Radovan Karadzic's defense strategy, as became apparent at the status conference today, is to use every opportunity to drag the proceedings on, hoping that the Tribunal will be closed down before his trial finishes or even before it starts. Karadzic's indictment against Holbrooke was today amended to include new accusations against the Contact Group and Security Council

Radovan Karadzic in the courtroomRadovan Karadzic in the courtroom

At the status conference today, Karadzic accused the prosecution several times of wanting to 'rush and muddle through' his case. It is now quite clear what his defense strategy will be. He will use every opportunity to delay proceedings in hope that the Tribunal will close down before the end of his trial, or even its start. Karadzic faces charges of genocide and other crimes in BH from 1992 to 1995.

According to Karadzic, the 'rushing' is reflected in the fact that the first status conference was held less than three weeks after his second appearance before the court on 29 August 2008. The usual period is 120 days. Karadzic went on to ask the Trial Chamber not to be hasty with its decision on his motion on the immunity agreement allegedly agreed with Holbrooke. Karadzic would like the Trial Chamber to suspend its decision until he has completed his 'comprehensive investigation' aimed at proving that all members of the Contact Group had granted him immunity from criminal prosecution, not only the USA. Karadzic also stressed that those countries were permanent members of the Security Council. He found 'irrefutable evidence' that NATO had tried to liquidate him, he said, and the Trial Chamber should also take that into account when deliberating on his motion.

Judge Bonomy then brought up what he called a 'legal issue', saying that even if everything Karadzic claimed were true, 'it should not have any bearing on the proceedings before this court'. Karadzic remained unconvinced, repeatedly stating that 'Holbrooke did everything he did on behalf of the Contact Group and the Security Council'. In Karadzic's words, this is a 'fundamental issue'.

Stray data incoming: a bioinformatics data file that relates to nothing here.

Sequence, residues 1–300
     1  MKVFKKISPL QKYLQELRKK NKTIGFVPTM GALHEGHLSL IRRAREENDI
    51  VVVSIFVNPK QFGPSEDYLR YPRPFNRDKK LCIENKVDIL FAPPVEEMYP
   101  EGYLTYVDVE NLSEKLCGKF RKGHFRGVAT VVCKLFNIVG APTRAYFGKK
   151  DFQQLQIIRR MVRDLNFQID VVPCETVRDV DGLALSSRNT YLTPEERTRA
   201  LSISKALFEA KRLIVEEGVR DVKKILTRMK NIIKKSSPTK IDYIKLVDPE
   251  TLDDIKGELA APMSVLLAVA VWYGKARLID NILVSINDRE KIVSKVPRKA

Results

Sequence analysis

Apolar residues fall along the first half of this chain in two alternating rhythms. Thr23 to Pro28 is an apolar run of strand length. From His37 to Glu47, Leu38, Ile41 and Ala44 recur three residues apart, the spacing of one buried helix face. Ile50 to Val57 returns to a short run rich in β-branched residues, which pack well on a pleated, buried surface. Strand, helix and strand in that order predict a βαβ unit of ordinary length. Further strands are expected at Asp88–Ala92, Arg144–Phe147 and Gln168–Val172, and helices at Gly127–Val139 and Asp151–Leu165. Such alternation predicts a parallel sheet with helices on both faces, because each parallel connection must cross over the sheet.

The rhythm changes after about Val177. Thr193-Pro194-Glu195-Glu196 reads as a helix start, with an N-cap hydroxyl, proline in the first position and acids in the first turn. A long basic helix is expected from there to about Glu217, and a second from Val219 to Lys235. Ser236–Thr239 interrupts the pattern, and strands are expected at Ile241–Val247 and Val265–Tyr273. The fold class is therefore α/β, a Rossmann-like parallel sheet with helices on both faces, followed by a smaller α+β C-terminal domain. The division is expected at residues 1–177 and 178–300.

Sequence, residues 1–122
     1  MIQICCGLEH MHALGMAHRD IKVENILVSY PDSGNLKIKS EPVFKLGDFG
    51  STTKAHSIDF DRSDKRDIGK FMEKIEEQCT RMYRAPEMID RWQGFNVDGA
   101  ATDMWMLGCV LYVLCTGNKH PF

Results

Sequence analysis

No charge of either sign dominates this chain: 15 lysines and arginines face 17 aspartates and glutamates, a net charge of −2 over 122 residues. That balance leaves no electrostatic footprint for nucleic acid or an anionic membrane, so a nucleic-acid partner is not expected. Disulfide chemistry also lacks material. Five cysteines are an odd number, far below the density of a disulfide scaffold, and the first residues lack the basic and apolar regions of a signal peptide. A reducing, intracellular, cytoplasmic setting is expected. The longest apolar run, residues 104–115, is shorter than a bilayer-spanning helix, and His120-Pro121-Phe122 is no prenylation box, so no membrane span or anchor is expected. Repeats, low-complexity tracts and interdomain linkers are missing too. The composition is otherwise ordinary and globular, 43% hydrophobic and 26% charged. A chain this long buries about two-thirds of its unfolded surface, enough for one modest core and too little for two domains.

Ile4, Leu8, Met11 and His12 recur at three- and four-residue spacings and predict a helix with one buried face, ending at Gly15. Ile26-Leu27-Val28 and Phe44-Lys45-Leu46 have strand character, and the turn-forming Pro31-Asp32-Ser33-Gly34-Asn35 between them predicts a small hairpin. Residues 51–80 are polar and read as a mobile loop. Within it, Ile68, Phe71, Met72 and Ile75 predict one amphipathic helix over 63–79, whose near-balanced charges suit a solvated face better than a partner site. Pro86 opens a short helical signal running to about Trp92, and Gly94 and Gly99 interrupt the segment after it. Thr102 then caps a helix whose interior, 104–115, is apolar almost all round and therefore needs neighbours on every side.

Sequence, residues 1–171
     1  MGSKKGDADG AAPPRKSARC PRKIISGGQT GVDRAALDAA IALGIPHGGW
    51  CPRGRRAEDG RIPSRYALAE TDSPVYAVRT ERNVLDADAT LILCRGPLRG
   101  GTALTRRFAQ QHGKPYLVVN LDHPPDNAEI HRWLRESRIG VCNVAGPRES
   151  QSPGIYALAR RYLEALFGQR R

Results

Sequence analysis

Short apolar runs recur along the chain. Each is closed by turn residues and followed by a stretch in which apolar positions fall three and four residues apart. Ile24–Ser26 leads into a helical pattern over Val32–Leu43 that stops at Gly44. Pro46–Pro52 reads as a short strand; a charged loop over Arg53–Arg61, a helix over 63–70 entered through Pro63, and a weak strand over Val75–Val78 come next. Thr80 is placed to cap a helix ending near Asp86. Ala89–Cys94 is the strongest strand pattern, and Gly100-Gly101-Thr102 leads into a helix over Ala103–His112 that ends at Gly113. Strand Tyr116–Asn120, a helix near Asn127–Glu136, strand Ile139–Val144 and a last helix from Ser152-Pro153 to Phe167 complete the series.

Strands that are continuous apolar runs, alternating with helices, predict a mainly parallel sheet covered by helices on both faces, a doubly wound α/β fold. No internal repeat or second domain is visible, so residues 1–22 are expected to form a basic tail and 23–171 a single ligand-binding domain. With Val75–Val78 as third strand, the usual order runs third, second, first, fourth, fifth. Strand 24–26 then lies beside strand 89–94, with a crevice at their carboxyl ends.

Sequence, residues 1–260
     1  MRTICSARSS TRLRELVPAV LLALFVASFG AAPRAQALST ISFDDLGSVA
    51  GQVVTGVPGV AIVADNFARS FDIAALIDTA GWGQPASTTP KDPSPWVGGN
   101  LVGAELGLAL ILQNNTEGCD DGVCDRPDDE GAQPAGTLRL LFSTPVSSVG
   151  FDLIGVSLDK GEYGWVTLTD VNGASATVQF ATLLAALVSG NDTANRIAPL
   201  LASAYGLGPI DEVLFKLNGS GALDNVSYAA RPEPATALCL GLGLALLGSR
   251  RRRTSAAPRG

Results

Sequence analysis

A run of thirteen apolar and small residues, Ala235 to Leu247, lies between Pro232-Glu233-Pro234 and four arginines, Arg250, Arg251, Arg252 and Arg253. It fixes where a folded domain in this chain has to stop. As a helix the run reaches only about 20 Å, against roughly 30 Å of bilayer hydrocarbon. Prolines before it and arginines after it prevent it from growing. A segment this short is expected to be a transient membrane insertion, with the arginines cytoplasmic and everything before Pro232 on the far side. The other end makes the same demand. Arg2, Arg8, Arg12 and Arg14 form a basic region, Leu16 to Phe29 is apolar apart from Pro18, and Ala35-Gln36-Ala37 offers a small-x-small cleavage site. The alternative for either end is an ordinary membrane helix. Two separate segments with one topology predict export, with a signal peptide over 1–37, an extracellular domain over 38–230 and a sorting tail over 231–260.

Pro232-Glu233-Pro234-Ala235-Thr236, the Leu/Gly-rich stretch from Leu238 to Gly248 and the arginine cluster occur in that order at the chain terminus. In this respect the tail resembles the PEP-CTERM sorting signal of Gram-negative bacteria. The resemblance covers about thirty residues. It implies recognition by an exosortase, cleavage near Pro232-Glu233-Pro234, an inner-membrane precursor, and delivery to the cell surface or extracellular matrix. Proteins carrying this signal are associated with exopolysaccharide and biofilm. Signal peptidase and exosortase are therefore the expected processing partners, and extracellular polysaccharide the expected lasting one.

Karadzic is adamant that as far as he is concerned the amended indictment – the prosecution indicated it would file it next Monday at the latest – is ‘a completely new indictment’. Karadzic insists he should be given ‘a new start’: he should be given an opportunity to enter his plea within 30 days, and to file preliminary motions. This is further proof of his stalling strategy.

Noting that the prosecution brought up the ‘meager resources available to the translation service’ in its reply to Karadzic's request to be provided with the trial transcripts translated into Serbian, Karadzic offered his solution. 'If the resources are scarce for such a huge case’, Karadzic said, ‘then the question is whether the shop can afford to remain in business. In our parts and everywhere else, when there’s no money left, the shops have to close down’.

At the beginning of the status conference today, Judge Bonomy warned Karadzic about the possible repercussions of self-representation, noting that there were cases before the Tribunal where the accused played an active role in their defense despite the fact that they had professional lawyers representing them. The judge urged Karadzic to think it over. ‘I must have the defense in my own hands in order to establish the truth about our conflict', Karadzic replied. He added that he was not here to defend himself, but 'the people who have suffered a lot and civilian heads of smaller states NATO will target after his trial”. The trial of the civilian head of state is “a precedent', Karadzic noted.

Judge Bonomy then warned the accused that his responsibility to secure ‘the best possible defense’ is even greater because he sees himself as a 'representative of nations and heads of states'. Karadzic was not to be swayed.

The next status conference will be scheduled after the prosecutor has filed the amended indictment against the former 'civilian head of a small state'.